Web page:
Cover Story of Smart CEO magazine (December issue) by Divya M. Chandramouli
Chief Belief Officer. The sort of designation that makes you stop and wonder, for the sort of man who makes you pause and think. For someone who prides herself in taking the most pragmatic approach to life, my one-hour interview with Devdutt Pattanaik had me re-examining my life-skills that I held sacred.
When I walked past his cabin at Future Group (FG) for our meeting, he was deep in a conversation with a 20-something member from his team, passionately conveying his ideas to her. She was as engaged as he was in the conversation and there was no indication of an organisational hierarchy in the room. It took me by surprise that he could put across his principles that draw inspiration from ancient Indian mythology with such ease to today’s generation. When Pattanaik spoke about the importance of knowing one’s audience to establish a connect with them, I realised the connect he could make with his 20-something employee was simple because of his ability to talk to them, in their own language. And that led me to the answer to the question I came in asking — is the gen-next truly willing to listen and more importantly, absorb all that he has to say? Quite simply, yes. By speaking the language of his audience, Pattanaik has often demystified India, her culture, her principles to young Indians in his team and elsewhere by making them stop, think and question.
A typical day at the office could mean just interacting with his colleagues, for Pattanaik’s job follows no set description. “I have no KPI (key performance indicators); I have been given the freedom to discuss and share my ideas with the leadership team at FG and anyone else,” he says. When prodded further on what it is that he does, he asks, “Why is that people never question what CEO (chief executive officer) stands for? CEO is not a natural phenomenon, it is a cultural construction, yet, nobody thinks of it that way.” He elaborates by saying that when founder-chief executive, Kishore Biyani, extended him an invitation to join FG, he asked Pattanaik for his choice of designation. “I told him that it was all about belief, so why not Chief Belief Officer (CBO)?” he remarks. And thus began the CBO’s journey at FG.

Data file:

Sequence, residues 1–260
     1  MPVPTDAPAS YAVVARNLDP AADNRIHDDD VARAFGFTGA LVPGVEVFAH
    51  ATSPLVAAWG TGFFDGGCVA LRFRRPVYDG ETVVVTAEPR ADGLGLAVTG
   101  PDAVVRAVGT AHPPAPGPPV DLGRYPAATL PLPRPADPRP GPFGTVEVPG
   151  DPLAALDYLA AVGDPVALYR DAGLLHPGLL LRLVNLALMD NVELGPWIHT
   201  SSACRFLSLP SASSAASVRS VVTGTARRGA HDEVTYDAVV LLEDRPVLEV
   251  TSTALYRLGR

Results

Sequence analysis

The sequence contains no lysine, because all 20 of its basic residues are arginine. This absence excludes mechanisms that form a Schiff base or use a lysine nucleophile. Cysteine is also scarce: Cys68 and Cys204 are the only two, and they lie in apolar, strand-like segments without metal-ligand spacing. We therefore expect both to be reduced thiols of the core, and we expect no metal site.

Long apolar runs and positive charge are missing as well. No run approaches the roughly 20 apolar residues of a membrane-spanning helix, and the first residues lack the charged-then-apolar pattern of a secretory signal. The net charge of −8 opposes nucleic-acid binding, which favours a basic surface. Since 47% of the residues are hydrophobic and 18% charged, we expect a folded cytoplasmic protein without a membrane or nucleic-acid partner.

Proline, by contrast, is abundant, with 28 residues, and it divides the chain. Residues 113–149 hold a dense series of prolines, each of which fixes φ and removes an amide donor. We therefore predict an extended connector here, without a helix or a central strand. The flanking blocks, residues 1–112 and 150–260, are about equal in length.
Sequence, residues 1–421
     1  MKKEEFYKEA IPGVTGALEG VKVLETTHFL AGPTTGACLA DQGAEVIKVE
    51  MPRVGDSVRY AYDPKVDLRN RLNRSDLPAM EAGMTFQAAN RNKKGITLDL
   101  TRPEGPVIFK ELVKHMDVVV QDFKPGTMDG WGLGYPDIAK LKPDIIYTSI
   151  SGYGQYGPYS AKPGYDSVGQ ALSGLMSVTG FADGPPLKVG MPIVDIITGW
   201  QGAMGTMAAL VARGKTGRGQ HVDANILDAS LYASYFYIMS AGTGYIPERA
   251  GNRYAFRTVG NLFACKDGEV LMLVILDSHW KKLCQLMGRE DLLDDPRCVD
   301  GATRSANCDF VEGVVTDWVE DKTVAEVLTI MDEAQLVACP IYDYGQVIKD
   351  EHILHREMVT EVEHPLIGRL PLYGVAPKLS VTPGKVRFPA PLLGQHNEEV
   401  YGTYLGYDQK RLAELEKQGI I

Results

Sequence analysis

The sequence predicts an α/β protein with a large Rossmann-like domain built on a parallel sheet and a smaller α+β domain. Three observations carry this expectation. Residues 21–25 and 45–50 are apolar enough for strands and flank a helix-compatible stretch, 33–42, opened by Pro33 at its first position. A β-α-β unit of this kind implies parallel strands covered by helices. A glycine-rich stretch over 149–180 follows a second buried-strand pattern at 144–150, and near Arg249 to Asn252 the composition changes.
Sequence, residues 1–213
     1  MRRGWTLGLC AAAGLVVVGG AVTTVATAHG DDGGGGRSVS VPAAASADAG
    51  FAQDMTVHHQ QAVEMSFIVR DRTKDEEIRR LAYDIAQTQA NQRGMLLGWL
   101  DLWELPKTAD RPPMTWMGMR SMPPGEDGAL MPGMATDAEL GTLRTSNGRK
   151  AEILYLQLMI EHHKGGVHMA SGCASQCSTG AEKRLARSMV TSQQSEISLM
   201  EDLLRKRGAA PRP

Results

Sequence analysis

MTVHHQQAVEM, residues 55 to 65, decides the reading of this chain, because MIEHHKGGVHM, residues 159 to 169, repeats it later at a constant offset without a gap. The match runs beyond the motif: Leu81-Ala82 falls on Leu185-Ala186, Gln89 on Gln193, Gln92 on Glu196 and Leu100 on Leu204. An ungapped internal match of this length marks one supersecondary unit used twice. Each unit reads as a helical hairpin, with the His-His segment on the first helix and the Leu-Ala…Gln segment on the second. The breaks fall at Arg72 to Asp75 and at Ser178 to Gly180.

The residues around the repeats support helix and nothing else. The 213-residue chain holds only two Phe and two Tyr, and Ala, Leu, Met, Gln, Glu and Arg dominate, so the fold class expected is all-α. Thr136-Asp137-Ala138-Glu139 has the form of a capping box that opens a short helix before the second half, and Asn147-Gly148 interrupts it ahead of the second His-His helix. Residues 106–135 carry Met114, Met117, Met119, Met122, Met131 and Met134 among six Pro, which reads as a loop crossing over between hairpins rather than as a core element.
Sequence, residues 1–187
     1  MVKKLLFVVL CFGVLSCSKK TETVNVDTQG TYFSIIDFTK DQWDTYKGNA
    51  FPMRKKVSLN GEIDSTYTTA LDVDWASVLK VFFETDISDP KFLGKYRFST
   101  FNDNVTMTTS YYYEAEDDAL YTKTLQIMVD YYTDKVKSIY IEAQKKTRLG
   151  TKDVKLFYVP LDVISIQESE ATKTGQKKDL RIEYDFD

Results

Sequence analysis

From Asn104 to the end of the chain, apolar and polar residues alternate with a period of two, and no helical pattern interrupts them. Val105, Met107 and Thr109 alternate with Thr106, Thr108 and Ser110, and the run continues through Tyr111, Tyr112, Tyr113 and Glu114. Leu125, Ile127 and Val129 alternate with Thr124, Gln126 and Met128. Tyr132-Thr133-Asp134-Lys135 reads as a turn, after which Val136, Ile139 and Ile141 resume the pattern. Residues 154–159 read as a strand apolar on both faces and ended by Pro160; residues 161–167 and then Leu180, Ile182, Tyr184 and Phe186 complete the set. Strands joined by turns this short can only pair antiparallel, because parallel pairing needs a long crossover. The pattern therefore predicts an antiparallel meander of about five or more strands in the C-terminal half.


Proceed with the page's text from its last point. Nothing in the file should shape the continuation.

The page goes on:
Till then, Pattanaik’s career had resembled that of an aspiring professional. After completing an undergraduate degree in medicine, he opted out of specialisation in surgery to pursue medical marketing and communication. This move led Pattanaik to build a career in the pharmaceutical industry, first as an independent vendor following which he was instrumental in establishing a website (Goodhealthnyou.com) that became a success. It was here that he discovered his ability to manage a team effectively and this experience led to many others in the industry. In the years that followed, Pattanaik had several opportunities to understand power and leadership, from close quarters. And he felt that as a result of the power struggle, there was a gap between what was thought, said and done.
While his career graph grew, Pattanaik had simultaneously delved deep into the world of Indian mythology. “Because I did not come from an academic space, both in the corporate world and the mythological world, I questioned fundamentals,” says Pattanaik. This inquisitive approach extended to everything he was involved in. While discussing mythology with others, Pattanaik observed that there were heated arguments about perceived ideas as opposed to facts and it was much the same when it came to ideas a corporation paid attention to. As he says, “The concept of a brand is as intangible as the concept of Rama (Hindu God). People fight over what they believe to be right, often ignoring the facts.”